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    Alleged Belgorod Shooter Says Killings Due to Personal Insult

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    A man who allegedly shot six people to death around a hunting store in southwest Russia said during his trial on Tuesday that he had intended to steal weaponry from the store then kill a supermarket security guard who had insulted him days before.

    BELGOROD, August 6 (RIA Novosti) – A man who allegedly shot six people to death around a hunting store in southwest Russia said during his trial on Tuesday that he had intended to steal weaponry from the store then kill a supermarket security guard who had insulted him days before.

    Sergei Pomazun, dubbed in media reports as the Belgorod shooter, in reference to the city where the incident occurred, told the court that after exiting the store, where he allegedly shot three people with a rifle, he did not indent to shoot anyone on the street.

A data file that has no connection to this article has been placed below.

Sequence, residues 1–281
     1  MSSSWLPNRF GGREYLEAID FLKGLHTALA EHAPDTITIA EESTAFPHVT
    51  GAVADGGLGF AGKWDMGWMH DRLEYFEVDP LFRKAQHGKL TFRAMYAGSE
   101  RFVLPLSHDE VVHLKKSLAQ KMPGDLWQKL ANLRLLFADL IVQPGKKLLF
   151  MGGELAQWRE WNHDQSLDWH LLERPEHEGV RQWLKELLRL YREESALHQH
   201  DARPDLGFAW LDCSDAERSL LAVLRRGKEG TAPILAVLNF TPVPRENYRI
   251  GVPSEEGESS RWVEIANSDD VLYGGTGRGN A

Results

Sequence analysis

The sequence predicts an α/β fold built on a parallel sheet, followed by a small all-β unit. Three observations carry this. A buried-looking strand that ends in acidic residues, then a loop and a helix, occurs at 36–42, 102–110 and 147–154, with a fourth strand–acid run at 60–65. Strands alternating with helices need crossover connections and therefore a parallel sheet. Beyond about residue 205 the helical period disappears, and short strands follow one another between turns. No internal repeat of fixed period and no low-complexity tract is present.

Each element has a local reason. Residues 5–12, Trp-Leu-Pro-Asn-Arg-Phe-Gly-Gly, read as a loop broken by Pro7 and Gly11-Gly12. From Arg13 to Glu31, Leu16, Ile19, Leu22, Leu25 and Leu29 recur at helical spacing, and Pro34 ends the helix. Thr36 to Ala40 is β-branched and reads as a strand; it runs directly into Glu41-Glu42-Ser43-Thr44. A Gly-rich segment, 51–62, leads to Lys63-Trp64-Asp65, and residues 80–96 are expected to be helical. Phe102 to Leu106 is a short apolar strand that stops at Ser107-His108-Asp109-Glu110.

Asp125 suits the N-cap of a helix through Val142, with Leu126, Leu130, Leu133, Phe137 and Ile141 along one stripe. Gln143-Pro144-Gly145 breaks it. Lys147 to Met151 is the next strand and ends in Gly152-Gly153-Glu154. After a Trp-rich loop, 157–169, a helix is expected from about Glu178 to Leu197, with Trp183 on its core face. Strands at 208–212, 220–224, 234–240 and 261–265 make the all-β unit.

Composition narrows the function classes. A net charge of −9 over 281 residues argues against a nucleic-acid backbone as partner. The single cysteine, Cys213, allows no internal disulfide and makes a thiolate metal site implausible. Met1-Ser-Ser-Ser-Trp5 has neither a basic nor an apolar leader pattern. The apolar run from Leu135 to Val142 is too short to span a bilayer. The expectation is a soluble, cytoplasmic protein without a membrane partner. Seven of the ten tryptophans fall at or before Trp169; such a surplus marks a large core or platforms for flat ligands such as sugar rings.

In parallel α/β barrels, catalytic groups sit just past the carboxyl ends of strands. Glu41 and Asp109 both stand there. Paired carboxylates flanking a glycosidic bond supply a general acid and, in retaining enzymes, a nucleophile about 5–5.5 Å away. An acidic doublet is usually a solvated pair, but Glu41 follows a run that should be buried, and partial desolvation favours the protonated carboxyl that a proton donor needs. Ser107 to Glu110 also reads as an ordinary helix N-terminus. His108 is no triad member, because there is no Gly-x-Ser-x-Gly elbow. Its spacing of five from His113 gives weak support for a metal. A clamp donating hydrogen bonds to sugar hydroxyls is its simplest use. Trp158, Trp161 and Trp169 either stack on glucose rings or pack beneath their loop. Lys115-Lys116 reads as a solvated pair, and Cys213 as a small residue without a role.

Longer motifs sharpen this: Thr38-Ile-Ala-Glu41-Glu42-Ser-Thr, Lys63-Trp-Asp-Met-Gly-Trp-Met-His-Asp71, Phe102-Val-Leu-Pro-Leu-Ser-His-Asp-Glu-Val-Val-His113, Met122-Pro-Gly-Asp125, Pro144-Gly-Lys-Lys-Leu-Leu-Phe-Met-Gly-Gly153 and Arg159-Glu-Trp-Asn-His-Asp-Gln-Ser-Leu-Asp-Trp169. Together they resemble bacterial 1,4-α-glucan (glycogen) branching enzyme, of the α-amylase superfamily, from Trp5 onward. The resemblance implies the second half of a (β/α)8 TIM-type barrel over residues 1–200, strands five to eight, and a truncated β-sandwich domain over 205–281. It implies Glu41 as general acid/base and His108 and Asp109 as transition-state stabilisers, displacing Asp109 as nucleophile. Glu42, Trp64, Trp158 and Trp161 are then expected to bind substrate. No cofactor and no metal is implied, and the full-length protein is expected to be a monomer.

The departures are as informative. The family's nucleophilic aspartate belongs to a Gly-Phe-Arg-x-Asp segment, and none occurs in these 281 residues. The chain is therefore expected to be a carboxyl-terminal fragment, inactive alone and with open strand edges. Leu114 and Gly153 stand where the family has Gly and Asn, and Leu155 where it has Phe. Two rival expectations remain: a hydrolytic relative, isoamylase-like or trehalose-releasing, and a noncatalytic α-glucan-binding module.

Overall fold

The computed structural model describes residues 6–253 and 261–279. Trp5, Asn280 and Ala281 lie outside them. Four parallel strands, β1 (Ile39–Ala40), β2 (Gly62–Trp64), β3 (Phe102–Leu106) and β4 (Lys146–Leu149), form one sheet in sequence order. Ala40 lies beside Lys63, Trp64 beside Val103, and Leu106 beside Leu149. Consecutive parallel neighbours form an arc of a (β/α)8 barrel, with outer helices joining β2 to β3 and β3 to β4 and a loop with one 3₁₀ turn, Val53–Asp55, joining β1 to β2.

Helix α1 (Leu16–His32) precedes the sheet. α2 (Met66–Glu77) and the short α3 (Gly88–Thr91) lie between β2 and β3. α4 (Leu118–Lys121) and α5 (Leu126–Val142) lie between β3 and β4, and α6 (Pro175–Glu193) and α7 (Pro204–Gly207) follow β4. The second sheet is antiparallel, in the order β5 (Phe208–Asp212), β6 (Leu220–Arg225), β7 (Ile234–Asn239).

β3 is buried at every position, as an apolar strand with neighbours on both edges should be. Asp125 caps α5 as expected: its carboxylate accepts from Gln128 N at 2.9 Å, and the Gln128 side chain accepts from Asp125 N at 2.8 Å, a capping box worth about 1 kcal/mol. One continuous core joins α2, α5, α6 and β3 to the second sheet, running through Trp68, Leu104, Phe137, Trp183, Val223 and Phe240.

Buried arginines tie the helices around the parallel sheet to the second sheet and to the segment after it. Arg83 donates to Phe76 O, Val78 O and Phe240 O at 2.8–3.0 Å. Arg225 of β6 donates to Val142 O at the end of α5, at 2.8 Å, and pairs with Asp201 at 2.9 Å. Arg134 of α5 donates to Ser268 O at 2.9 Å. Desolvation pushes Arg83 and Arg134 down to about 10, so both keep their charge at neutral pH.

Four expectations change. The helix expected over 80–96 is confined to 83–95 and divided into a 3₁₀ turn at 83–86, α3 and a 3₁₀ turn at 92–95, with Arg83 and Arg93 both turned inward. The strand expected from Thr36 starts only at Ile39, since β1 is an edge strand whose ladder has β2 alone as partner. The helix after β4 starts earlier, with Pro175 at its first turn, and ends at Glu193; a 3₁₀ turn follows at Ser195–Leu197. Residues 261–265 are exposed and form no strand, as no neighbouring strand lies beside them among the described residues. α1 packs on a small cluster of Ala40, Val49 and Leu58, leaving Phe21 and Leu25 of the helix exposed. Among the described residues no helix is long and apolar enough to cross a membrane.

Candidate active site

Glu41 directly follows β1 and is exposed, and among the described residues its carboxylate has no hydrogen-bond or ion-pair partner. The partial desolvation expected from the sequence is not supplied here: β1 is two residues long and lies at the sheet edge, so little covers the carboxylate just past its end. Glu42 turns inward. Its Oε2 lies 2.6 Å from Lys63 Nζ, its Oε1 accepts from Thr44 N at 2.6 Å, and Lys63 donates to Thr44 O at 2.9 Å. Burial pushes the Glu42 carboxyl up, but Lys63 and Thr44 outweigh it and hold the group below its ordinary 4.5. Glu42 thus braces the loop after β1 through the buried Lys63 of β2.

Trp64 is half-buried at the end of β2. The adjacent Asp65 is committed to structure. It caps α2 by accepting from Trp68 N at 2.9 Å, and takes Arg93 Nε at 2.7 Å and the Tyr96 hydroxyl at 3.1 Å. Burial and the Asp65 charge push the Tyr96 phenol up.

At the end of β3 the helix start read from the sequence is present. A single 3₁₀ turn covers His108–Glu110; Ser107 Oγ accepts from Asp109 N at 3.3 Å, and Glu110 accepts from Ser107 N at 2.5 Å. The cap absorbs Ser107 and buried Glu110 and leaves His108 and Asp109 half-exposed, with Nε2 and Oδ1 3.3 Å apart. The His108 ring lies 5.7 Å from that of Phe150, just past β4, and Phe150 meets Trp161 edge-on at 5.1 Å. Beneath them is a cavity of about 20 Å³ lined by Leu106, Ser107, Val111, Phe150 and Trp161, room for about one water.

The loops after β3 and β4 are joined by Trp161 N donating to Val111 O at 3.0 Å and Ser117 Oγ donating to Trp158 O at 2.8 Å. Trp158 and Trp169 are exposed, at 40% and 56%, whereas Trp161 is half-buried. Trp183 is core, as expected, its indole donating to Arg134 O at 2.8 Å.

“But a man rushed in my direction holding a hand under his jacket,” the defendant said. “I thought he was a police officer and that was why the shooting started. … I took the first shot at him and then began shooting at other people to clear my way to my BMW X5 car.”

    Pomazun, who is also accused of killing three people outside the store, including two schoolgirls, aged 14 and 16, told police while he was being detained that he was shooting “into hell.” His lawyer has claimed that he is schizophrenic, but he has been deemed fit to stand trial.

    Pomazun, who previously served four years in prison for theft and is currently facing life behind bars, recently told the court that he was used to killing women and children on combat duty during the Second Chechen War, from 1999 to 2001.

    But the judge informed the court that, according to case materials, Pomazun had never served in the North Caucasus. The defendant replied that he was serving there on a classified mission upon orders from Russia’s military intelligence agency, the GRU.

    Defense lawyer Viktor Yeremeyev cited the Chechen War reference as grounds to conduct another psychiatric evaluation of his client. But Judge Nikolai Kudinov refused that request, saying the initial evaluation, which proved that Pamazun was mentally stable and fit to stand the trial, remained in force.

     

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